Sometimes, we see others’ successes and feel discouraged. Like so-and-so just launched a book and it hit best seller lists. Or so-and-so launched a product and it achieved sold-out status.
So we set a high bar for ourselves and strive to do the same, if not better. We set high expectations on who we should be, what we should do, and push ourselves to do just that.
Except that it doesn’t always work out. It fails as we become weighed down by the enormity of our goal, and stressed by the need to do great things, we decide to do… nothing. Days turn into weeks, which turn into months, and nothing happens as we hold on tight to our grand goal, waiting for the perfect moment to set ourselves onto it.
In such cases, here’s something to remember: If you cannot do great things now, for whatever reason, then start by doing small things in a great way.
- If your goal is to start your restaurant, then start by perfecting your recipes for your meals, right in your kitchen.
- If your goal is to develop the next big app, then start by developing tools that people will use, that solves people’s pain points.
- If your goal is to be a best-selling author, then start by refining your writing skills, through your daily writing, and researching to understand what makes others tick.
- If your goal is to be a top YouTuber, then start by creating simple videos that convey your ideas well.
Whatever big goal you’ve been putting off, ask yourself: What is a small thing I can do well instead?
Because it’s so easy to overlook the small things in favor of that big goal we want to get to. Yet our results in the long-term are built on the little steps we take today.
- An athlete wins the race because he has spent each day following his workout regime without fail.
- A singer achieves her big break because she has performed many small gigs which helped hone her vocals and develop her onstage persona. Stefani Germanotta played gigs and performed in clubs throughout New York City before being discovered in 2007, later adopting the moniker Lady Gaga, winning 11 Grammys, and becoming one of the world’s best-selling music artists.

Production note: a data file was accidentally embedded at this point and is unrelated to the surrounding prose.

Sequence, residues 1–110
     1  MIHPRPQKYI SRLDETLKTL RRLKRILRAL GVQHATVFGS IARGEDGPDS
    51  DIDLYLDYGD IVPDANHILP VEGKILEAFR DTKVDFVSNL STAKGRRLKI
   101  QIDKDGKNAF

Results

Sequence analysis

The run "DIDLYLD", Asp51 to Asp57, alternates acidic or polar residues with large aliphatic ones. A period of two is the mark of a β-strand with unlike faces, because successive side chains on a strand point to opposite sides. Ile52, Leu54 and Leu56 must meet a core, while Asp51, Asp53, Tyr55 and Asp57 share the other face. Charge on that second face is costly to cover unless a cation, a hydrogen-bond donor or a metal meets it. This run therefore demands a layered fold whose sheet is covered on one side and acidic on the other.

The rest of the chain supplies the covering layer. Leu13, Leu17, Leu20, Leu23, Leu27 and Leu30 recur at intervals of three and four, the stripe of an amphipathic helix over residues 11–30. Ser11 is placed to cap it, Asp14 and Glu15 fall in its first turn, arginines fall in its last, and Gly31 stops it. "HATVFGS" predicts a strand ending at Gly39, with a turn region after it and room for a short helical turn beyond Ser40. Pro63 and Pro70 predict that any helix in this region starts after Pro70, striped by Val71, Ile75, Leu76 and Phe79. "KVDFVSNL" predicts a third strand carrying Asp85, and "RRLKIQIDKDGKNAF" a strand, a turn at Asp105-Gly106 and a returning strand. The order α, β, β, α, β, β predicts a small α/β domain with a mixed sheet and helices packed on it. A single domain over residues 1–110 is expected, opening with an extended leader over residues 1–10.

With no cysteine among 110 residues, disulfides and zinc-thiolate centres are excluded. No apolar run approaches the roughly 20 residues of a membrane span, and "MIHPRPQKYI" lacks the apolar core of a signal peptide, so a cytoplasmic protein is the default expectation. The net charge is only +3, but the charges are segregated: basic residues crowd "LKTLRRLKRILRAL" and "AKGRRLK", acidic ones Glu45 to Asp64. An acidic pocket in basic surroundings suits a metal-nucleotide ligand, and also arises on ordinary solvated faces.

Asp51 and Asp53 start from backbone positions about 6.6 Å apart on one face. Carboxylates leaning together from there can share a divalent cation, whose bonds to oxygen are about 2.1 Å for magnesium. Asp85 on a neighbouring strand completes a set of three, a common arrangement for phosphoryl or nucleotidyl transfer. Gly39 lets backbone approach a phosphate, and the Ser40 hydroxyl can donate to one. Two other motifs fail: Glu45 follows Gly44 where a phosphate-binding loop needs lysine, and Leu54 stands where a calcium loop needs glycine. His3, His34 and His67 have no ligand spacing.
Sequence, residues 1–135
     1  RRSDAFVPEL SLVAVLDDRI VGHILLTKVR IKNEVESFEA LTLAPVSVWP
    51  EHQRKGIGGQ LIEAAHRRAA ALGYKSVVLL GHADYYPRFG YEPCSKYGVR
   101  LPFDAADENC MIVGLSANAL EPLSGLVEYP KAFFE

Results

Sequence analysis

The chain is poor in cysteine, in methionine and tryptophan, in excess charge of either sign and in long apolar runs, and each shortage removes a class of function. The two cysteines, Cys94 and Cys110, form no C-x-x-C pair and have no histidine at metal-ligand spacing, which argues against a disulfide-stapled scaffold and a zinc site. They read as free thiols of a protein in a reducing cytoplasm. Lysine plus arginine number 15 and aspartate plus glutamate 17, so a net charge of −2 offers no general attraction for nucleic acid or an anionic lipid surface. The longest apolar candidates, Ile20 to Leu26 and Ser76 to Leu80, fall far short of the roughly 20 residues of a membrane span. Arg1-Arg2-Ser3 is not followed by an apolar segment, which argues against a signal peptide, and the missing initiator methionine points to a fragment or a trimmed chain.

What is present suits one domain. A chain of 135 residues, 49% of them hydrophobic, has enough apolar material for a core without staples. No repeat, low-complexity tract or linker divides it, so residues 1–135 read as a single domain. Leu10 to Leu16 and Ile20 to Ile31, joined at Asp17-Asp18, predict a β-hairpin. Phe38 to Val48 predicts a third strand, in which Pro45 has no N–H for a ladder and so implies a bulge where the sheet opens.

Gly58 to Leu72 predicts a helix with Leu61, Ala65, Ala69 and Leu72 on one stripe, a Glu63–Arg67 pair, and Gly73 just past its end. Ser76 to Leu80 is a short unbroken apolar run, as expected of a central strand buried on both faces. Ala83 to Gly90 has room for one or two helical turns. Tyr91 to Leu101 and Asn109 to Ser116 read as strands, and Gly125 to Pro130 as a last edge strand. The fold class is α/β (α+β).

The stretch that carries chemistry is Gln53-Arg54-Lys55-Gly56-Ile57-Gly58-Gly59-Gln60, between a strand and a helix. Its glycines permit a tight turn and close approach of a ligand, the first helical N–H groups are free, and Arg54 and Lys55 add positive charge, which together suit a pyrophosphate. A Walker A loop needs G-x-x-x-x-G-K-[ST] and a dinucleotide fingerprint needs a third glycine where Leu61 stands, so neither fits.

- An author publishes a best-selling book because he has spent years building his expertise and his writing skills. Malcolm Gladwell is an author who has published five The New York Times bestselling books, the first of which was The Tipping Point. Before he published his first book, he worked as a reporter for nine years, covering business and science, and later started at The New Yorker in 1996. There, he gained popularity with two articles, both written in 1996: “The Tipping Point” and “The Coolhunt,” which would become the basis for Gladwell’s first book, The Tipping Point, for which he received a $1 million advance.
Gladwell said regarding his writing, “I was a basket case at the beginning, and I felt like an expert at the end. It took 10 years—exactly that long.”
We are, in essence, not what we will do on some fine day, but what we do today.
While doing small things well today may not seem like a great deal, especially when we stack them up against our final big goal, a 1% improvement each day, done for 365 days, leads to a 37-times improvement.
But it starts by first committing to these small steps, and doing them well. It is not that grand big goal that you’re going to work on at some point in the future that matters. It is what you do now, today. These small steps determine what you eventually become.
So what small steps can you take today? And how can you do these small steps in a great way?
*Today’s post is inspired by the quote “If I cannot do great things, I can do small things in a great way,” often attributed to Martin Luther King, Jr.